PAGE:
Terrorism is the greatest threat the United States has confronted, Gen. Richard Myers, the chairman of the Joint Chiefs of Staff, told a Lawrence audience Friday, and he urged the country to brace for a long-term struggle.
"I personally believe that this threat of global terrorism is a greater threat to our survival as a free and democratic nation than, in fact, we have ever faced," Myers told more than 500 people gathered for the Lawrence Chamber of Commerce annual meeting at the Lawrence Holidome.
"We are, in fact, a nation at war. What's at stake here is our way of life," said Myers, a native Kansan and four-star general, who serves as the Bush administration's top military adviser.
Myers said terrorists used fear to paralyze and destabilize nations.
But, he said, the United States was making progress in the war in Iraq and he cautioned that the recent insurgency in Fallujah was not a popular uprising but violent remnants of Saddam Hussein's forces.
"For every bomb that goes off in Iraq or Afghanistan, there are many more that are defused by coalition soldiers," he said. "For every building damaged by the insurgents, there are many schools, hospitals and clinics that the coalition has helped rebuild."
Myers described the northern and southern parts of Iraq as stable, saying Iraqi officials have been able to contain demonstrations in the north.
"It's not the same throughout the whole country," he said. "It's in that same central area that we still have some issues, and we're going to have to deal with those for some time."
U.S. commanders on Friday repeated warnings that a renewed assault on the central city of Fallujah could come soon unless guerrillas there heed a call to surrender heavy weapons.
Myers told his Chamber of Commerce audience that the problem in Fallujah involves about 2,000 highly trained Saddam loyalists.
"Certainly, don't misinterpret the increased violence you've seen in Iraq recently as a popular uprising," he said. "This violence, in my opinion, is a desperate attempt by a frustrated, marginalized group to derail the progress that we've been making."
Earlier, in a brief news conference, Myers said, "There's some really tough challenges in Iraq, but it's actually going reasonably well."
He also defended the Pentagon's ban against releasing photographs of flag-draped coffins of American soldiers returning to the states.
"This is in respect for the families and their wishes," Myers said. He added that the military lists all casualties on the Department of Defense Web site.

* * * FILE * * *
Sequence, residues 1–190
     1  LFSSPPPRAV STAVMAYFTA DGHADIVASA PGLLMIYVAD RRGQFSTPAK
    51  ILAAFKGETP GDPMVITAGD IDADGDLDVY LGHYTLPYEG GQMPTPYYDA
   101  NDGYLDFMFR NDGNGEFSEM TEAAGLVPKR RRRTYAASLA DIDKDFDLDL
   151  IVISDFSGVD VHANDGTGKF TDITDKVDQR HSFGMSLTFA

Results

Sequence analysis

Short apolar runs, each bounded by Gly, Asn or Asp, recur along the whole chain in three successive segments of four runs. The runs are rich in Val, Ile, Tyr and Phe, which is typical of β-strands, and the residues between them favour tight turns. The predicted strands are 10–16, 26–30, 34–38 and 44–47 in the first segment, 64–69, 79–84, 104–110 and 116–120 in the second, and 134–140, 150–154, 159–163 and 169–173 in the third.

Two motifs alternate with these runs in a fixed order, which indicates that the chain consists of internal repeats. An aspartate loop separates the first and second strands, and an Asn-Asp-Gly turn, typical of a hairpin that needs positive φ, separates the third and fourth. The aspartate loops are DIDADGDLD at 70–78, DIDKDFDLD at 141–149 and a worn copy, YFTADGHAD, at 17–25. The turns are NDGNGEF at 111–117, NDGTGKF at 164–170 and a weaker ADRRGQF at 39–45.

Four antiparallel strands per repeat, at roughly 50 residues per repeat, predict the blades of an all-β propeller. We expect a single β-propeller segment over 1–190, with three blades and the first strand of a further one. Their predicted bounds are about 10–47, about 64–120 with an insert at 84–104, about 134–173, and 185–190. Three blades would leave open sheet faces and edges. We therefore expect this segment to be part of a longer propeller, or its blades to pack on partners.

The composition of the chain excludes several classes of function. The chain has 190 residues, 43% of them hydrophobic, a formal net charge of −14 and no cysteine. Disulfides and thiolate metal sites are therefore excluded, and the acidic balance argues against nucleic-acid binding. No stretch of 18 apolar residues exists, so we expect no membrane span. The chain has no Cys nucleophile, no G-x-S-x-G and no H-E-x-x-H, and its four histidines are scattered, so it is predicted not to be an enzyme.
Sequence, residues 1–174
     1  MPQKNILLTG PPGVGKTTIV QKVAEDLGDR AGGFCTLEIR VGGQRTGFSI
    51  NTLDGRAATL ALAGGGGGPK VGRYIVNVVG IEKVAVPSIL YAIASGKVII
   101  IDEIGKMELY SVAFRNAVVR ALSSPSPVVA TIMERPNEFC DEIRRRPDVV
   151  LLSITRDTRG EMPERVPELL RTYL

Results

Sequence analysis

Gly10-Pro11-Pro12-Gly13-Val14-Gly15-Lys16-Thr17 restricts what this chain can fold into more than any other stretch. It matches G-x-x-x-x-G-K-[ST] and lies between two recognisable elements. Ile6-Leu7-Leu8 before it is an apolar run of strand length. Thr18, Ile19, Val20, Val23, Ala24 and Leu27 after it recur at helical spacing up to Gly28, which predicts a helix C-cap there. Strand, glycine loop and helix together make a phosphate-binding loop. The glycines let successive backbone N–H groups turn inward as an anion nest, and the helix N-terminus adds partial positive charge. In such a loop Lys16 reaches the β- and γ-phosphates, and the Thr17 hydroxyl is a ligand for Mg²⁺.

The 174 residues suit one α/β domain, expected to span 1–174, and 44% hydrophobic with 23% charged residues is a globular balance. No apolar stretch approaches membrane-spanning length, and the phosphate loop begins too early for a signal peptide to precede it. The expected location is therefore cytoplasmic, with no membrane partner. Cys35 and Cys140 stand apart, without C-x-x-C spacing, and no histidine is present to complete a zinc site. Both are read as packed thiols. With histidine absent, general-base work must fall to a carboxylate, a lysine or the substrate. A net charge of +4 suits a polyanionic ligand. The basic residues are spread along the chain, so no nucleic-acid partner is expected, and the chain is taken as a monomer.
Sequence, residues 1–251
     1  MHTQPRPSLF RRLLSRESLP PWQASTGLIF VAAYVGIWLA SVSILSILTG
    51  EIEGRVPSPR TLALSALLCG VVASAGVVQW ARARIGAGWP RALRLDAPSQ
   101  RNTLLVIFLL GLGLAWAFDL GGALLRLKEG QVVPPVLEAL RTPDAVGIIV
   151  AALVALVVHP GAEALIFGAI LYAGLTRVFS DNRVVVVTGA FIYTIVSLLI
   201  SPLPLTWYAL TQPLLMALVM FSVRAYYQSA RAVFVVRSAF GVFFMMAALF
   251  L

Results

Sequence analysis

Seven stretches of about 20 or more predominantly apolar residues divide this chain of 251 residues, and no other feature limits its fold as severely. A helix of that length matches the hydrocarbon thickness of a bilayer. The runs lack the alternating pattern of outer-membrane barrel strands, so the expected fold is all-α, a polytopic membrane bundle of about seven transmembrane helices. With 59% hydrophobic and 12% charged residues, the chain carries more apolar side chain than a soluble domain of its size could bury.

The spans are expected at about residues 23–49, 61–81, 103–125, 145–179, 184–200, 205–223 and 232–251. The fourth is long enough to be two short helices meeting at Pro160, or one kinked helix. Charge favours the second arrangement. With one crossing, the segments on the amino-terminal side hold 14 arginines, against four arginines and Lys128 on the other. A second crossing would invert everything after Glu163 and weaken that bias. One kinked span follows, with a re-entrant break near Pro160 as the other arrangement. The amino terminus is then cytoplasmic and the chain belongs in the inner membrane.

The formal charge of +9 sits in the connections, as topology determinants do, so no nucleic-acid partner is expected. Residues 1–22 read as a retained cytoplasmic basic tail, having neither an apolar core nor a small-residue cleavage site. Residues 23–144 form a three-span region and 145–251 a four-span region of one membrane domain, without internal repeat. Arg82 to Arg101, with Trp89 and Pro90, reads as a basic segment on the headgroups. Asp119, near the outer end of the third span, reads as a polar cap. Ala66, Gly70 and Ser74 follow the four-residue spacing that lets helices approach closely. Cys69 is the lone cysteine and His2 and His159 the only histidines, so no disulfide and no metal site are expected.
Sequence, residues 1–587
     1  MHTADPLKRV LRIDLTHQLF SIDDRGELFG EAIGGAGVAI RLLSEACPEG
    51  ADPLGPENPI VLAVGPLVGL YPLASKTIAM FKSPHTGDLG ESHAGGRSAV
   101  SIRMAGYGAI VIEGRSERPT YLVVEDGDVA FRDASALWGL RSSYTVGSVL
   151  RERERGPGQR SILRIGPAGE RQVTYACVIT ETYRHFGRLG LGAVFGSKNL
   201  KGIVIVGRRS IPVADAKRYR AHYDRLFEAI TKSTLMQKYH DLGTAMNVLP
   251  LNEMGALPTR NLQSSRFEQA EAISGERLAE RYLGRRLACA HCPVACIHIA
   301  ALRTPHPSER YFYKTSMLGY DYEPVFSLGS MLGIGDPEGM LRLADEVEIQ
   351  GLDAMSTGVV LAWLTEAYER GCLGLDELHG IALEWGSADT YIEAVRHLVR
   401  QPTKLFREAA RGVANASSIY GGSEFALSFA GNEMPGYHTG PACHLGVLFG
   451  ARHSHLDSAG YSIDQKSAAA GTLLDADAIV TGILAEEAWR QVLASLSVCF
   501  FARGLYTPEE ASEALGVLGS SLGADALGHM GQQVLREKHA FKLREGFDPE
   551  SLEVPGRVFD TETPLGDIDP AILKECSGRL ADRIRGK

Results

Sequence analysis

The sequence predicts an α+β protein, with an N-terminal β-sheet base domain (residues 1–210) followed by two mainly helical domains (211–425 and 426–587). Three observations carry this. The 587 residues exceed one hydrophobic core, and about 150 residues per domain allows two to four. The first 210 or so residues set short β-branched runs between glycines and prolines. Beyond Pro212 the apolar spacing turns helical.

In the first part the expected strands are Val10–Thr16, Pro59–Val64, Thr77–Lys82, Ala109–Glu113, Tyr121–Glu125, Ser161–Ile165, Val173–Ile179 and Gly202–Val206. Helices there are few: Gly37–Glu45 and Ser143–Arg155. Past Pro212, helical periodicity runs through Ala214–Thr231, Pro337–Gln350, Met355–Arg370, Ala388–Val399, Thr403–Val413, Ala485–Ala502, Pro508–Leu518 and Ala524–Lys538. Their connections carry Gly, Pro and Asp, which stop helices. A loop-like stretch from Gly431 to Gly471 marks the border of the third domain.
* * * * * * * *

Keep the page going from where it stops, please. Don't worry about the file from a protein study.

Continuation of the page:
"This is not an attempt to hide anything," he said.
Myers also said it was important to start allowing lower-tier members of Saddam's Baath party back into positions in Iraqi society. "Those who don't have blood on their hands have a chance to participate in this new Iraq," he said.
Back from a trip last week to Iraq and Afghanistan, Myers said troop morale was high.
Q and A
In a question-and-answer period, Myers said he believed North Korea had nuclear weapons, but that diplomacy was the best policy in dealing with that country at this point.
David Taylor, president of the Kansas Democratic Veteran's Assn., agreed with Myers that the U.S. military had performed admirably in a difficult situation in Iraq.
But, he said, President Bush has been hurting the effort through foreign policy blunders and a lack of foresight.
"We don't have the international involvement that we need because of the arrogant, short-sighted policies of the president," Taylor said.
But, Myers said, those who think more troops are needed are wrong, although he said that American forces would be "wanting to help them (Iraqis) for some time to come."
He also said there was no need to restart the military draft r to bolster forces.
Not a pretty picture
Myers was introduced to the audience by U.S. Sen. Pat Roberts, R-Kan., who described Myers, a graduate of Kansas State, as "the right man at the right place at the right time."
Both Myers and Roberts said they were sure that terrorists were continuing to plan attacks on the United States. Myers said the terrorists were extremely patient, sometimes planning for years before they attacked.
"It's not a pretty picture," he said.
Earlier in the day, Myers spoke for 45 minutes to about 200 ROTC cadets and military officials at the Adams Alumni Center.
The meeting was closed to the media, but cadets left the event upbeat and impressed.
Freshman Air Force ROTC cadets Joshua Topliff, of Goodland, Arturo Febry, of New Orleans, and Matt Weilbacher, of Leavenworth, said Myers' talk was inspirational and that the general was at ease with the audience.
They also said they expected at some point in their careers to serve in Iraq, and they looked forward to it.
"That's what you sign up for," Febry said.
Air Force Capts. Keith Bland and Robb Johnson, both ROTC instructors at KU, praised the general for taking time to speak to the cadets.
"He said he was proud of the students that are willing to commit to what's going and trying to make the country better," Bland said.
Johnson said Myers talked about how troop morale was high.
"He mentioned that in the hospitals that he goes to, to talk to wounded, they wish they were actually back with their comrades," Johnson said.